The sweetbay magnolia is a beautiful flowering tree (or shrub) native to North America that can be either evergreen or deciduous, depending on the weather in the USDA zone where it is grown. Its emerald lance-shaped leaves are silver or white on the underside, and it boasts creamy white, lemon-scented flowers that appear at the end of spring or in early summer. Each flower will open in the morning and close at night, lasting for around two or three days before falling from the tree.
Sweetbay magnolia trees grow at a medium-fast rate, often adding between one and two feet a year to their overall height. They're best planted in the early spring and will bear red, cone-like fruit in the fall once their blooms disappear, eventually going dormant in the winter (in most areas).
|Botanical Name||Magnolia virginiana|
|Common Name||Sweetbay magnolia,|
|Mature Size||10–35 ft. tall, 10–35 ft. wide|
|Sun Exposure||Full sun, partial shade|
|Soil Type||Moist, rich|
|Bloom Time||Late spring, early summer|
|Hardiness Zones||5–10 (USDA)|
|Native Area||North America|
Sweetbay Magnolia Care
If you're looking to add a bit of shade, greenery, and beauty to your landscape, look no further than a flowering tree. While there are many eye-catching options out there, the Magnoliaceae family is among the most well-known and incorporates nearly 250 species, including the sweetbay magnolia tree. First cultivated in the southeastern United States, sweetbay magnolia can be grown either as a tree or pruned into a shrub. In many ways, it closely resembles its cousin, the larger (and arguably more famous) Southern magnolia.
The sweetbay magnolia tree requires easy, average care, including wet soil and either full sun or partial shade. It's possible your immature tree won't bloom for several years—however, once it does, you will be rewarded with fragrant flowers, followed by bursts of ripe red fruit in the fall, which will attract all sorts of wildlife to the landscape. When fully mature, the tree can reach heights of over 30 feet.
The sweetbay magnolia tree isn't too picky about the light it receives, thriving in both full sunlight and partial shade. Like many flowering varietals, the more sunlight it gets (at least six to eight hours daily) the more likely it will be to be flush with blooms.
In order for the sweetbay magnolia to thrive, you'll want to plant it in soil that is moist, rich, and flush with organic matter. Another perk of the sweetbay magnolia tree: Unlike most other magnolia trees, it can tolerate wet, boggy soils and soils that are predominantly clay. Additionally, the soil should have an acidic pH level between 5.5 and 6.5. If you notice the leaves turning yellow, it's a good indication that the pH levels in the soil are too alkaline and should be amended.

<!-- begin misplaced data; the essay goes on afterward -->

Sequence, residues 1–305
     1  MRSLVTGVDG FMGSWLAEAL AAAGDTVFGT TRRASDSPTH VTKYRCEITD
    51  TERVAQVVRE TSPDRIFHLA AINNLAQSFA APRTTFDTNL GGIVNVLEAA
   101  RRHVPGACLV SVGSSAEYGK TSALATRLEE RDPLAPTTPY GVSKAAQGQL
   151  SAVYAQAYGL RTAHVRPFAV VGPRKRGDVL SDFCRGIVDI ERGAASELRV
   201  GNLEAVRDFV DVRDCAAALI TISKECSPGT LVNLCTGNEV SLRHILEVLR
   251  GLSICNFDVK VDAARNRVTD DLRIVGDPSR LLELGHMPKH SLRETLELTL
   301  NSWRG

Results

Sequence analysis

The sweetbay magnolia tree appreciates water and should be watered deeply as it gets established and matures. Once mature, plan to water the tree as necessary, ensuring the soil doesn't dry out for long periods of time. In times of warmer weather (around or above 75 degrees Fahrenheit to 80 degrees Fahrenheit), it may need additional waterings.
Temperature and Humidity
Overall, the sweetbay magnolia tree doesn't have any special temperature or humidity requirements, so long as it's grown in the proper hardiness zones. During the winter months in cooler zones, pad the roots with several inches of mulch to protect them from frost. Generally, the tree will grow smaller in cooler climates.
To ensure your sweetbay magnolia tree thrives, feed it with a balanced, all-purpose fertilizer once a season for at least the first three years of its life.
Pruning Sweetbay Magnolia
In colder climates, the sweetbay magnolia tree is often pruned into a shrub-like appearance. Additionally, there's a chance that the tree will grow multiple trunks—choose the strongest one (often called the "central leader") and prune away the other lower branches continually until the desired shape is achieved. Be sure not to prune the tree in this manor until it is at least two years old—younger trees typically cannot handle vigorous pruning.
Common Pests and Diseases
The sweetbay magnolia tree is typically free of diseases, though you may see some leaf spot develop from time to time. When it comes to pests, scale and tulip tree leaf miner tend to be the most common annoyances. Scale can be controlled to some degree by using neem oil. When it comes to the tulip tree leaf miner, try to avoid using pesticides since these may also kill the parasitic wasps that are its natural predators. Instead, insecticides are sometimes used to prevent egg laying and to kill larvae.